Madison Morrison’s work has a characteristic hallucinatory nanoprecise brightness, a jubilant anti-nihilism not unworthy of Nietzsche, like an acrylic photorealist mural of a strip mall in Provo, Utah. Yet his masterpiece Light is serendipitously hampered by a mysterious greyness that emanates from the poem’s profound duality: thriller and lullaby, for it is hectically active yet quietly and soothingly ruminative, matter-of-fact yet impossible, classically symmetrical yet chaotic as a Mandelbrot set, user-friendly yet taking us to the remote coldness of Uranus where nothing can live.
Of course lots of cool writers have this quality—Milton, Kafka—but in Light the poet has devised a technique that has enabled him to compress his suspect material into a previously unknown state, somewhat as tabletop physicists can now chill the gas clouds of certain elements to create the Bose-Einstein Condensate. The counter-intuitive properties that are manifested in this academic, expensive phenomenon will be my metaphor for the surprising pleasure the reader finds in a great and enigmatically consoling poem.
Light is as much a narrative poem as The Ring and the Book or the Homeric incest-tragedies of Robinson Jeffers, yet as with the author’s travel writings there is the kind of subversive anti-narrative found in Robbe-Grillet, where narrative at its most intense, even stereotyped, sublimes into pure form, pure contemplation.
An attack on drama: the author has, admirably, admitted he dislikes Shake-speare, is bored by the Bard. He says he likes certain great nineteenth-century novels, but I don’t believe it. His idea of great painting is the old Chinese landscape masters, where human figures shrink, as they say, into insignificance.
The Sentence of the Gods isn’t anti-humanist, far from it, but man’s rusty old comedy of love and politics, seen from the detachment of enlightenment, takes on a genial glow that is unnervingly uncanny: is the author really an australopithecine like the rest of us? The Sentence has apparently been written by God, for whom our tawdry dramas—our egomaniacal divorces, our quasi-meaningless Presidential election crises, our struggles to cough up the mortgage payment, our terror of death—are sweet farces, a video after the Chinese has been delivered.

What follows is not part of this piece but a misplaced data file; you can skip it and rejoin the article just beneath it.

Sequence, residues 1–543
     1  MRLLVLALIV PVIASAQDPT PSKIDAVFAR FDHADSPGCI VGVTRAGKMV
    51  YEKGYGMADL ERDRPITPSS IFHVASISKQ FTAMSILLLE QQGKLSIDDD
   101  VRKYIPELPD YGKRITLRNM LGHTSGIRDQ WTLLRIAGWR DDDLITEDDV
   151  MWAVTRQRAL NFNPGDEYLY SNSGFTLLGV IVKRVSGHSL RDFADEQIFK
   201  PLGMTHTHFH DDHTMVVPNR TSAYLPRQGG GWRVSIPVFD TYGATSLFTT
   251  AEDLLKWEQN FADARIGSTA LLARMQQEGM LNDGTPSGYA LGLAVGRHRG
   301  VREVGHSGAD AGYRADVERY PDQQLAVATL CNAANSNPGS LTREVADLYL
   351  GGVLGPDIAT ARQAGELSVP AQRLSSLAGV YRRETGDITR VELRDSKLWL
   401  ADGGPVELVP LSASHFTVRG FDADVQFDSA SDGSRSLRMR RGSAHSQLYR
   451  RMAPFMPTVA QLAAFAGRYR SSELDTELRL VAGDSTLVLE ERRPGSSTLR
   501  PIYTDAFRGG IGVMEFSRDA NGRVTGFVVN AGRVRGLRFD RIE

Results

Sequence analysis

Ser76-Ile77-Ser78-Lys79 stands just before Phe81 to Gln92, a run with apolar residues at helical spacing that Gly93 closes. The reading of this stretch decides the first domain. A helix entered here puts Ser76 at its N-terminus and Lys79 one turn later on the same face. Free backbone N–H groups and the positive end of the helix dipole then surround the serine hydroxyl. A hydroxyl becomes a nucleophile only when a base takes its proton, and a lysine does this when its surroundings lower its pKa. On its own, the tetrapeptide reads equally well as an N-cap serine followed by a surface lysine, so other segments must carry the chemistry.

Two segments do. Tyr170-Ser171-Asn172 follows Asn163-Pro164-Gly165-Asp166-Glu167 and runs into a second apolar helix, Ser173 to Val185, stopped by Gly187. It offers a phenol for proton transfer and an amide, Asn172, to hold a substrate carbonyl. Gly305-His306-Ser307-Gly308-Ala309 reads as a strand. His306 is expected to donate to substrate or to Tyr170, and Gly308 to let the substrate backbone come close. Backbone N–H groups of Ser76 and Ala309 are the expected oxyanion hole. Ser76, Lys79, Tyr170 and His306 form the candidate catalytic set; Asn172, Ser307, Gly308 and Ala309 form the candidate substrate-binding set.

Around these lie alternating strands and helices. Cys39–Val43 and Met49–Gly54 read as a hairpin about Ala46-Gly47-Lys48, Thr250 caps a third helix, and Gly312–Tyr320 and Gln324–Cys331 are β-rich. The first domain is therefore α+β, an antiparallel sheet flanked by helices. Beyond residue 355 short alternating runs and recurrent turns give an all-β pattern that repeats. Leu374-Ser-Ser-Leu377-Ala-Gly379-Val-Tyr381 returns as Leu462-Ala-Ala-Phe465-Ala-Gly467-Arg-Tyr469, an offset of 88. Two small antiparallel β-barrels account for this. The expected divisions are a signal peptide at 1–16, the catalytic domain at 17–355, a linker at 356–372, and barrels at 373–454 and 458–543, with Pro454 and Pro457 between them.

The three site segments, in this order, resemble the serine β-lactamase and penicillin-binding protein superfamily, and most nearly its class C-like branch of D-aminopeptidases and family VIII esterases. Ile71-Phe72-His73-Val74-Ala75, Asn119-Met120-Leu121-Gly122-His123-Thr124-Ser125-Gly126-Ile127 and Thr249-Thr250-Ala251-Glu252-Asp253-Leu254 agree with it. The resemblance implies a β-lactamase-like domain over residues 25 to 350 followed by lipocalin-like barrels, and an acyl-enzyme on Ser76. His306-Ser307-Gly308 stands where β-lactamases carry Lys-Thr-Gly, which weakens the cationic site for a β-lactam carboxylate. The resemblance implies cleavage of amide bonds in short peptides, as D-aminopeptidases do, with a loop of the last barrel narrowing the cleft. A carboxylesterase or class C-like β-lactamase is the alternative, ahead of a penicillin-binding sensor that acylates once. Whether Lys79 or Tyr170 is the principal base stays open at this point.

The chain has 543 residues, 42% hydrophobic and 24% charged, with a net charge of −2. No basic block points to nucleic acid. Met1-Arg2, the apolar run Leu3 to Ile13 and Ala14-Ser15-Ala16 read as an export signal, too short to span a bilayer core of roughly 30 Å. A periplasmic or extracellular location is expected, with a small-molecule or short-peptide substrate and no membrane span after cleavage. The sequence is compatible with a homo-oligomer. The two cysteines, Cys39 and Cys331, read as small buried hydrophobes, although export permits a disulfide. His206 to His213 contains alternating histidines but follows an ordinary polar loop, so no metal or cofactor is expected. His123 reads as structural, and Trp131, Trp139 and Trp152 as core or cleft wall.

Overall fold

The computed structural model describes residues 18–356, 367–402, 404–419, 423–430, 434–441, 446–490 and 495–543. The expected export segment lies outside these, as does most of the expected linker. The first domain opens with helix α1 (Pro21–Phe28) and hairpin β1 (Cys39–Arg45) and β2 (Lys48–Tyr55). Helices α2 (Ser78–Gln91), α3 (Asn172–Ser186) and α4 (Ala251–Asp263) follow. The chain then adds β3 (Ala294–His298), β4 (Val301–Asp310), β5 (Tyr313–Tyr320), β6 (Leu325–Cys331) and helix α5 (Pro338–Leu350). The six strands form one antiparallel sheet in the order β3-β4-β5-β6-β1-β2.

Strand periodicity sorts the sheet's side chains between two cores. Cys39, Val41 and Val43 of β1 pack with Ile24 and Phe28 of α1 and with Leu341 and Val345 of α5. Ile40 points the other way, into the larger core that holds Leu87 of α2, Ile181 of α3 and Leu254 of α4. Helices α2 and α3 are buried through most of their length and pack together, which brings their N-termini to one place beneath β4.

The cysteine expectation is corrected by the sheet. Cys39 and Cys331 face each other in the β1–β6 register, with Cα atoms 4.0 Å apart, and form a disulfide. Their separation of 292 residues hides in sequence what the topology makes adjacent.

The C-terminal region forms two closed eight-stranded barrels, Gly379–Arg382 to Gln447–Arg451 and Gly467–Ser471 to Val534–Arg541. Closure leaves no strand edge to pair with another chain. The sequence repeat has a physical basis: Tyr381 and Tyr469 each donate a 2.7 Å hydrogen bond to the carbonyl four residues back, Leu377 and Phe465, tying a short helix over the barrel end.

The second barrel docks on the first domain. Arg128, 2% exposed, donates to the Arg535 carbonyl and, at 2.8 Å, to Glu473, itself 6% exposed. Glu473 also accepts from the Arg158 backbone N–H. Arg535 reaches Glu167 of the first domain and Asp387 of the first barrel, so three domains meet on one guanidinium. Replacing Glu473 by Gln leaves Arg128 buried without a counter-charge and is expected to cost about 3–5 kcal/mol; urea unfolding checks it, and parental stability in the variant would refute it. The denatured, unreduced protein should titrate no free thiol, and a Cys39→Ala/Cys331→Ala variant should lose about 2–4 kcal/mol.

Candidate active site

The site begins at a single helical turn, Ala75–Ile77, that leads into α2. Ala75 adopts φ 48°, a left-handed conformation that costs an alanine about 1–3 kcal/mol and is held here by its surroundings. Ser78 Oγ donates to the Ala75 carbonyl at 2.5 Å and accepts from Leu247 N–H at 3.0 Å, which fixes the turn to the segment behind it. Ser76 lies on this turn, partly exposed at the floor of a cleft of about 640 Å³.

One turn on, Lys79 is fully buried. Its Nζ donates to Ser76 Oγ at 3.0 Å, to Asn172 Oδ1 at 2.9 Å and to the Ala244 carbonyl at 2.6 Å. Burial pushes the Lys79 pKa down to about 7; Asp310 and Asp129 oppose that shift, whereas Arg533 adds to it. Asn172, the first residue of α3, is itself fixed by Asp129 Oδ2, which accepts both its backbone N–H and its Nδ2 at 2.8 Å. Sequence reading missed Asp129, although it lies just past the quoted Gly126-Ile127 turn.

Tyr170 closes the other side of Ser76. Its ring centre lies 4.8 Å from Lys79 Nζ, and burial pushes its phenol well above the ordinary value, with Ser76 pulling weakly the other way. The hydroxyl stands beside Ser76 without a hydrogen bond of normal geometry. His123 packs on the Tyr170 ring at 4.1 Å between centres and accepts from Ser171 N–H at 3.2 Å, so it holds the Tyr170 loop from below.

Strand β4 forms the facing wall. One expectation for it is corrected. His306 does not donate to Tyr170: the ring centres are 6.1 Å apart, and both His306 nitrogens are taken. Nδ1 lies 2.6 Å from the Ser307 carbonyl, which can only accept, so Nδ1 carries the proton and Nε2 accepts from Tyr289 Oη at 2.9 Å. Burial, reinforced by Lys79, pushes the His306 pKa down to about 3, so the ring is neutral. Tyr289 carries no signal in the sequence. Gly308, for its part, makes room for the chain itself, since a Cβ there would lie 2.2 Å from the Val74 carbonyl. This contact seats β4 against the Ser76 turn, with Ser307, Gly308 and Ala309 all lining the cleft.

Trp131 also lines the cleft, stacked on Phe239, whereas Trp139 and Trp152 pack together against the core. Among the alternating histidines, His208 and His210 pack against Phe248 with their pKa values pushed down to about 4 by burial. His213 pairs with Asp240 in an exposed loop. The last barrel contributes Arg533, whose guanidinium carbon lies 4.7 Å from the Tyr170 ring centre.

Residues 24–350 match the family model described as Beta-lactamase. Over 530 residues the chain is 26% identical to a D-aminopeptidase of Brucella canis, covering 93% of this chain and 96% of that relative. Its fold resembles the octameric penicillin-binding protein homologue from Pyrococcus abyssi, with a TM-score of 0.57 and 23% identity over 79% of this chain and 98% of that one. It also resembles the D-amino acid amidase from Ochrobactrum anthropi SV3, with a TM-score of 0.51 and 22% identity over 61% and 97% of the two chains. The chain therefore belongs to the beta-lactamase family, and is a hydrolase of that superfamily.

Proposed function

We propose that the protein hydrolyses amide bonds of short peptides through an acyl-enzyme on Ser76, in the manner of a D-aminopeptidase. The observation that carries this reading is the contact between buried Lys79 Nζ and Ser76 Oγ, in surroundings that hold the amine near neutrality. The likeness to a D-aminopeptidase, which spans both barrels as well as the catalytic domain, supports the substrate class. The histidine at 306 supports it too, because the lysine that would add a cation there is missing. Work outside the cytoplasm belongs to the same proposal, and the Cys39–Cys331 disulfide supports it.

It is this detachment combined with a naïve respect for the material that makes Light one of the great poems of the twentieth century: it is breezy, effortless, as if the writer can do no wrong, a perfect formula for producing a pathetic amateurish goulash, or the Duino Elegies.
The poem consists of 216 stanzas, each stanza containing ten lines. It is a kind of journal, or even novella, of the poet’s dreams. The endless “action” of the dream-narrative, a kind of violent epic, when confined in the rigorous pro-sodic format and the calm style of tale telling, produces a most peculiar omelet of adventure and serenity. The effect on the reader is tranquilizing, rather like those morbid murder mysteries set in the dreaminess of Oxford; Light is the perfect bedtime book, to be read as one nods off, listening to the winter wind about one’s cottage. Arising from sleep, it conveys one to sleep.
The poem disdains to interpret the dream. It is instead a trope of the dream, struggling to produce an equivalent for the divine imagination that emanated from the dream in the first place. An expanse opens, admitting Newton, Kennedy, DiMaggio, Miller. The dream of a dream. As in our actual dreams, there is nothing but sex and violence. Yet there is no sex and violence. The word “violence” does occur in stanzas 82, 125, 186: the word, the referent, not the act. Violence here is an abstraction. Yet, as in Homer’s Iliad there is plenty of violence, and it cannot be escaped.
Protect your children with all your might:
But don’t protect them from The Light.
Light is a freakish amalgam, a cross between the summer’s blockbuster action movies and Shostakovich’s string quartets in winter:
You are the sort of
little girl who answers
without an answer.
You have an invitation
to the tea, but at